Strangeways, and Bury New Road, till it reached Prestwich, whence it proceeded in a north-north-west direction by the Dales and Radcliffe, and joining the Watling Street at Offside, it continued its course by Edgworth, Blacksnape, Darwen (eastward of Blackburn), Ramsgreave, Longridge Fell, and so on to Ribchester. Another road joined Mancunium to Cambodunum, supposed to be Slack, near Huddersfield, in Yorkshire. This road, evident traces of which may yet be seen in many places, crossed what is now the township of Manchester in a direction of east north-east, and entering Newton township, proceeded by Cheetham Fold, the street in Failsworth, Honey Well-lane, Glodwick, and Lees Brook, in Oldham Below Town, entering Yorkshire near Austerlands, whence it continued its course by Old Delph and Castlehill, and passing over Millstone Edge, near the present Stanedge Tunnel on the Manchester and Huddersfield branch of the London and North Western Railway, reached Cambodunum, from which place it proceeded by Legiolum (Castleford) and Calcaria (Tadcaster) to Eburacum (York). A fourth road, leading to Blackrod, near Wigan, crossed the Irwell at the place known afterwards as Woden's Ford, not far from Old Trafford, and passing by Hope Hall and Chorlton Fold, proceeded by Stanney Street and the present high road to Wigan to the station at Blackrod, from which it is supposed to have gone on to Lancaster. A fifth road, going from Mancunium in a direction almost north north-east, passed by Street Fold in Moston, Street Bridge in Chadderton, Street Gate in Royton, and so on to Littleborough. Turning from the latter place towards the east north-east it crossed Blackstone Edge, where its course is still very distinct, and proceeded to Olicana (Ilkley). The other road united Mancunium with Buxton, which appears to have been remarkable for the medicinal properties of its waters even at this early period. This road pursued the course of the present highway to Stockport.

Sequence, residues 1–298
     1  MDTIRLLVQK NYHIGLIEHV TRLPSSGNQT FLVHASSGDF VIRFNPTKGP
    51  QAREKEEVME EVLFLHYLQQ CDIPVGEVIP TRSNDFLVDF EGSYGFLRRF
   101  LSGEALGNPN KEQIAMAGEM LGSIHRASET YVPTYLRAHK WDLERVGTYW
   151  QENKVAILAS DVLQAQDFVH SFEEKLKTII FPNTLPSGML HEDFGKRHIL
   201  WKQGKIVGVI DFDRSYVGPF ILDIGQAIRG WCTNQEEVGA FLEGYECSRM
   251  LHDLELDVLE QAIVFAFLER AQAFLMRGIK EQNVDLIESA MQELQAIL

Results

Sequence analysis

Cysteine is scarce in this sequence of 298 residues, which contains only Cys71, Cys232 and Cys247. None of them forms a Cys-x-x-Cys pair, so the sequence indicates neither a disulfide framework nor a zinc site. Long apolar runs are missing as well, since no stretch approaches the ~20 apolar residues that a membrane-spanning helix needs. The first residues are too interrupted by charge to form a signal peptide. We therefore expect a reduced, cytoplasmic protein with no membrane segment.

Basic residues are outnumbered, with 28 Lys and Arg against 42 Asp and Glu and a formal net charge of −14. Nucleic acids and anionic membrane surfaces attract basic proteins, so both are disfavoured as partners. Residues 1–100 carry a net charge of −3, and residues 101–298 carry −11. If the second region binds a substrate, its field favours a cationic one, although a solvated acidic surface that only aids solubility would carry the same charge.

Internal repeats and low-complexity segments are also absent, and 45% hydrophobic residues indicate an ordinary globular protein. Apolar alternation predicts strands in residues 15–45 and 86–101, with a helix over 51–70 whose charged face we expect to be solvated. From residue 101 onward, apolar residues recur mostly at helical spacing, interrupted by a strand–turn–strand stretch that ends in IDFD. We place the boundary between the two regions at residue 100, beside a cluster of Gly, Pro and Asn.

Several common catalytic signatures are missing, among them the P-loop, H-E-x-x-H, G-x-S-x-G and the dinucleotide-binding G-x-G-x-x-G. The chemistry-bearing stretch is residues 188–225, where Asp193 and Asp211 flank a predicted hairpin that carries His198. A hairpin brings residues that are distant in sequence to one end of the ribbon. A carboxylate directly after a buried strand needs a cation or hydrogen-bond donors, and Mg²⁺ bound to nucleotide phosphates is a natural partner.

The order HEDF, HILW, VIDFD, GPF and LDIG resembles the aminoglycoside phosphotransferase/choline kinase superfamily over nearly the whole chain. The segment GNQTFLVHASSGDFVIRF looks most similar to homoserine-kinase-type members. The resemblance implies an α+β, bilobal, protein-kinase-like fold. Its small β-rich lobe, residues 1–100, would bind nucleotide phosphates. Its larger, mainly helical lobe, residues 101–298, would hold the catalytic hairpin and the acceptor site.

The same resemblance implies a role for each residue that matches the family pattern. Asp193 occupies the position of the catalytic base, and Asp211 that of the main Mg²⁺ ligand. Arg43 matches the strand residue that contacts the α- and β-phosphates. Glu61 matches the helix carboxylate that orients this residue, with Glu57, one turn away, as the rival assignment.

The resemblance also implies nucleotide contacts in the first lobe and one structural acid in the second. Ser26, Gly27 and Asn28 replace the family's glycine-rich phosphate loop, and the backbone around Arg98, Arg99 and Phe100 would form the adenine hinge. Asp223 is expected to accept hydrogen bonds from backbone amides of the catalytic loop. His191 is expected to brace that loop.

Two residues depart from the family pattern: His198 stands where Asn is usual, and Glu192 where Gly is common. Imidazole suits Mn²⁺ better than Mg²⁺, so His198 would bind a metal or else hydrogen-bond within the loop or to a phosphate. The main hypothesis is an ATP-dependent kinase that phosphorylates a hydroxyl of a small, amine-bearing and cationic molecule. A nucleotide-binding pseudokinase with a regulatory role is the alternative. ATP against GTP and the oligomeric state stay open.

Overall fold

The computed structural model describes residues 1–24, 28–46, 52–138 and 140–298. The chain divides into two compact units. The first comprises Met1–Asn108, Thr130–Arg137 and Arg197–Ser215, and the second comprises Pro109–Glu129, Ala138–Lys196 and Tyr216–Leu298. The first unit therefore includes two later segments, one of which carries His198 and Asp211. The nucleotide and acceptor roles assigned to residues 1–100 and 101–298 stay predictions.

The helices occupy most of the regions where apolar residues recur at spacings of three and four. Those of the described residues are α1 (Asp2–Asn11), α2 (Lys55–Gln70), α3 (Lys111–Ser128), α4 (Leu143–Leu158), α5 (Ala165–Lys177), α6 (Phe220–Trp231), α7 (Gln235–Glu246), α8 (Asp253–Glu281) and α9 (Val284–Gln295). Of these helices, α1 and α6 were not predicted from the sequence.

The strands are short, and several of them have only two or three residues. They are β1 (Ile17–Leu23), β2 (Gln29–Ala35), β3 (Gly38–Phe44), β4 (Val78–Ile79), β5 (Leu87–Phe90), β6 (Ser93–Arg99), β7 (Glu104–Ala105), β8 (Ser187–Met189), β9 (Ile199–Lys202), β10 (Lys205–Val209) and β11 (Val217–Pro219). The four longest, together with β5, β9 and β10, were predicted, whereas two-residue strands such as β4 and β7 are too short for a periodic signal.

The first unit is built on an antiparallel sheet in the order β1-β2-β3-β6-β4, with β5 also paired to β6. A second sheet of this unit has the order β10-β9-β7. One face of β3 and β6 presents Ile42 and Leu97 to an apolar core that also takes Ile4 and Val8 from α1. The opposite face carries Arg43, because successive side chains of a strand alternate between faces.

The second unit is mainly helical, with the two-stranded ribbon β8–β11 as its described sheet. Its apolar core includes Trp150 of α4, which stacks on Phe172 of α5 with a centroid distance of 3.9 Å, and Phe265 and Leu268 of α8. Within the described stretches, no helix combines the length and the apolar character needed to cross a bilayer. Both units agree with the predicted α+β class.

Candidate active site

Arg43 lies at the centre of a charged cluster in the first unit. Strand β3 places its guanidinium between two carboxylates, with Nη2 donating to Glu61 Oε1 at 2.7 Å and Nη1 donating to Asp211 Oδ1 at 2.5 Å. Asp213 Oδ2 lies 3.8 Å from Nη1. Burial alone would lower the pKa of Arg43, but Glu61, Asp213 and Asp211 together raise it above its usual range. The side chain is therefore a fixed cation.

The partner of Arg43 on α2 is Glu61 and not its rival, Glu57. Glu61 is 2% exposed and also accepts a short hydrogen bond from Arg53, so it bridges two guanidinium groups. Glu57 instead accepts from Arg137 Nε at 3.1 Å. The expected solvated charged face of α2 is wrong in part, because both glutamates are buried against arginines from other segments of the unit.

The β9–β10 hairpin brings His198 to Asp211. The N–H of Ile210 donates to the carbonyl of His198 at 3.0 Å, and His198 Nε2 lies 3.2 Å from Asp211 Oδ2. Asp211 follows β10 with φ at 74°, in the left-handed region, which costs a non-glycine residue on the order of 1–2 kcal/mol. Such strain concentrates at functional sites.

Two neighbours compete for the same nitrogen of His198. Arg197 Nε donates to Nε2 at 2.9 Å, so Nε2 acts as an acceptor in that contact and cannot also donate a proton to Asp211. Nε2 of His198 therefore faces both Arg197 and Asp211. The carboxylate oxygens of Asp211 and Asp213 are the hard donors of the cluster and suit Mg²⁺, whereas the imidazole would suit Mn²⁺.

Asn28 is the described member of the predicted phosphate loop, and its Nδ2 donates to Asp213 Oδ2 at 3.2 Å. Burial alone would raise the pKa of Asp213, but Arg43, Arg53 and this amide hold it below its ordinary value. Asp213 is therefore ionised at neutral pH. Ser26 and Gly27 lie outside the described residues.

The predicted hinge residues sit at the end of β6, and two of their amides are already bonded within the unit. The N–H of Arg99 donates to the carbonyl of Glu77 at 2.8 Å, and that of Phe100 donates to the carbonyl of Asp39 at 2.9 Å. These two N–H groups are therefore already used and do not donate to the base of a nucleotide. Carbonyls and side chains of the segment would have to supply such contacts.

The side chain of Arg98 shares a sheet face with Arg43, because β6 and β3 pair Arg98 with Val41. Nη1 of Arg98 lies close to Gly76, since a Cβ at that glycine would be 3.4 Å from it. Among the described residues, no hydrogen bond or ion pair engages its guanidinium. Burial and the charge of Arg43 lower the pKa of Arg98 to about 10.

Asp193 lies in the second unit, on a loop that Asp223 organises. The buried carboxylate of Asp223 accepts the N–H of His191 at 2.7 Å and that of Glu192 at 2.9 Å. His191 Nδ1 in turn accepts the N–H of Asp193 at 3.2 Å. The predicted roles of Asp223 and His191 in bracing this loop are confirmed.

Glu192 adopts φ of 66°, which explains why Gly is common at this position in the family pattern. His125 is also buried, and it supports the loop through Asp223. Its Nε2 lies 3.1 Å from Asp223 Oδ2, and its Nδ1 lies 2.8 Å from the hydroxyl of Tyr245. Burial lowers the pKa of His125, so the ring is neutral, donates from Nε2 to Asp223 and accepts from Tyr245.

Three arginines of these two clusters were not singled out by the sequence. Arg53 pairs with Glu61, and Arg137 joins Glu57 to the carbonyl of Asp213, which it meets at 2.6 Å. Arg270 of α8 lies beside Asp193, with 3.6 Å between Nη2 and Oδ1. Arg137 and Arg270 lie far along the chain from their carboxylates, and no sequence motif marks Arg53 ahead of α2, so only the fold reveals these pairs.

Once conquered, the British population of this district seems to have been entirely subdued and to have settled down peacefully under the sovereignty of the Romans. This part of the country was shortly afterwards included in the province of Maxima Cæsariensis, one of the five into which the whole of Britain was divided for the purposes of government and military organisation.